Under Executive Order 13771, for each new regulation that the Department proposes for notice and comment or otherwise promulgates that is a significant regulatory action under Executive Order 12866 and that imposes total costs greater than zero, it must identify two deregulatory actions. For Fiscal Year 2018, any new incremental costs associated with a new regulation must be fully offset by the elimination of existing costs through deregulatory actions. However, Executive Order 13771 does not apply to ``transfer rules'' that cause only income transfers between taxpayers and program beneficiaries, such as those regarding discretionary grant programs. The final regulations pertain to the Department's discretionary grant programs and, therefore, Executive Order 13771 is not applicable.

We have also reviewed these regulations under Executive Order 13563, which supplements and explicitly reaffirms the principles, structures, and definitions governing regulatory review established in Executive Order 12866. To the extent permitted by law, Executive Order 13563 requires that an agency--

(1) Propose or adopt regulations only on a reasoned determination that their benefits justify their costs (recognizing that some benefits and costs are difficult to quantify);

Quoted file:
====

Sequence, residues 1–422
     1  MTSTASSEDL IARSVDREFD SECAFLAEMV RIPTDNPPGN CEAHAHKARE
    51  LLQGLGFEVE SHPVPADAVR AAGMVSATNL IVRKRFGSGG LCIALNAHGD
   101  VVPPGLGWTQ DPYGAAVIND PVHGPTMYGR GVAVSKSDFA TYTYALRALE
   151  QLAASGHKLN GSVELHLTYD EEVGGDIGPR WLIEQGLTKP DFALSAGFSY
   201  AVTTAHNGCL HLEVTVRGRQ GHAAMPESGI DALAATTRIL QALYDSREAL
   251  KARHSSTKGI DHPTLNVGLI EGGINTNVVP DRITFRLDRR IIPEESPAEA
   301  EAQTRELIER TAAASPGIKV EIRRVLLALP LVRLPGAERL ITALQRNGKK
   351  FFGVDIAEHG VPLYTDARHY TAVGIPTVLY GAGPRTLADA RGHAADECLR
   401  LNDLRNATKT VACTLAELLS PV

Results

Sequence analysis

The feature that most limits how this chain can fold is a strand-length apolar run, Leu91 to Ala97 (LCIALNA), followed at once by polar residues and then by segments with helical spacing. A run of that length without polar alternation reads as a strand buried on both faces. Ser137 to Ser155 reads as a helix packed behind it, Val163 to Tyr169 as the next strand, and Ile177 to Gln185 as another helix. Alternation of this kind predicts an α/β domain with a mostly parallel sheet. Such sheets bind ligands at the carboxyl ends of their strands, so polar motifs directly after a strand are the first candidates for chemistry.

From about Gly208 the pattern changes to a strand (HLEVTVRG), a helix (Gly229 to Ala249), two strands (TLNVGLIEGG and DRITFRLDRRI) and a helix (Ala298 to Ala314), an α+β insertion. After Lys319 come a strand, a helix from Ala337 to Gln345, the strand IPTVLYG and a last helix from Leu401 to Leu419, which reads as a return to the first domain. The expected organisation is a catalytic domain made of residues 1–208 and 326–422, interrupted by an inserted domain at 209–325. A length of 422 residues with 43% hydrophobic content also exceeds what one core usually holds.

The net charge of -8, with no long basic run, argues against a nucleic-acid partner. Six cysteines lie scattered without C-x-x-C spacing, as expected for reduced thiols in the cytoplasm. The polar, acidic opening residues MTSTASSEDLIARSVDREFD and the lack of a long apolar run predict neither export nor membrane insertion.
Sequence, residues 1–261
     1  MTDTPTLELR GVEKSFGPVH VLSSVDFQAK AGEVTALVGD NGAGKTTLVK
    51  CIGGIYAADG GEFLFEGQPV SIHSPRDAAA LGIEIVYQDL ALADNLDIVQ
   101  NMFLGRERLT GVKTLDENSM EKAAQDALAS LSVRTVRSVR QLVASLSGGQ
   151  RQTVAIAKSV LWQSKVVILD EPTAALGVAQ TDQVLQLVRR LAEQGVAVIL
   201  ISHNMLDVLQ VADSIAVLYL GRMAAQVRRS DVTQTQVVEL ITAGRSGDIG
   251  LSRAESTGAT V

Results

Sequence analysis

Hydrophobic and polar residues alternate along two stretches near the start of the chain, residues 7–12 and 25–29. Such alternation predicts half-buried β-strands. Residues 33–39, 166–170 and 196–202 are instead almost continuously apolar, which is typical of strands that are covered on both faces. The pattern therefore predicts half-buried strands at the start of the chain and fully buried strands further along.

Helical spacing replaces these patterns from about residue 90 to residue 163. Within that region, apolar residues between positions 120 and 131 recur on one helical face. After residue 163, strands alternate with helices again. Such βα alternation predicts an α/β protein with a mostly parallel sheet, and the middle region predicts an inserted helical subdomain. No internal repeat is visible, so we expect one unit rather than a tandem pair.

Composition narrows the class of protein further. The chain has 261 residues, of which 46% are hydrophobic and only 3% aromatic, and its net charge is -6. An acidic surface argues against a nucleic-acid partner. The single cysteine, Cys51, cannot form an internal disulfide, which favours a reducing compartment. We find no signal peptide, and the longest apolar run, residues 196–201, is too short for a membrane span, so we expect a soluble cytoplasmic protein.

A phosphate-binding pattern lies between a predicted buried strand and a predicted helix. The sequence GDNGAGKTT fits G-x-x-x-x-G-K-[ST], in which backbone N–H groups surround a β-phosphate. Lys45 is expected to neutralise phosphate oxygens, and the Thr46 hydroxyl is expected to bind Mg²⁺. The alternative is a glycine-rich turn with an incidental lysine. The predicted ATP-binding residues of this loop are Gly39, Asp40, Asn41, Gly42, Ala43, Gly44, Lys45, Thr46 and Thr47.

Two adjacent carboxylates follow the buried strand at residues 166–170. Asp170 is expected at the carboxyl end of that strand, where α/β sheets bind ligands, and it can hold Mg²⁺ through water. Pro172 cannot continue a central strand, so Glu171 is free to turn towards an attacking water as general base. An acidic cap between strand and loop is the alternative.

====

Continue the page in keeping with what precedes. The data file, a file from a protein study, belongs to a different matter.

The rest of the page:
(2) Tailor its regulations to impose the least burden on society, consistent with obtaining regulatory objectives and taking into account--among other things and to the extent practicable--the costs of cumulative regulations;

(3) In choosing among alternative regulatory approaches, select those approaches that maximize net benefits (including potential economic, environmental, public health and safety, and other advantages; distributive impacts; and equity);

(4) To the extent feasible, specify performance objectives, rather than the behavior or manner of compliance a regulated entity must adopt; and

(5) Identify and assess available alternatives to direct regulation, including economic incentives--such as user fees or marketable permits--to encourage the desired behavior, or provide information that enables the public to make choices.

Executive Order 13563 also requires an agency ``to use the best available techniques to quantify anticipated present and future benefits and costs as accurately as possible.'' The Office of Information and Regulatory Affairs of OMB has emphasized that these techniques may include ``identifying changing future compliance costs that might result from technological innovation or anticipated behavioral changes.''

We are issuing these final regulations only on a reasoned determination that their benefits justify their costs. In choosing among alternative regulatory approaches, we selected those approaches that maximize net benefits. Based on an analysis of anticipated costs and benefits, the Department believes that these final regulations are consistent with the principles in Executive Order 13563.

We also have determined that this regulatory action does not unduly interfere with State, local, and Tribal governments in the exercise of their governmental functions.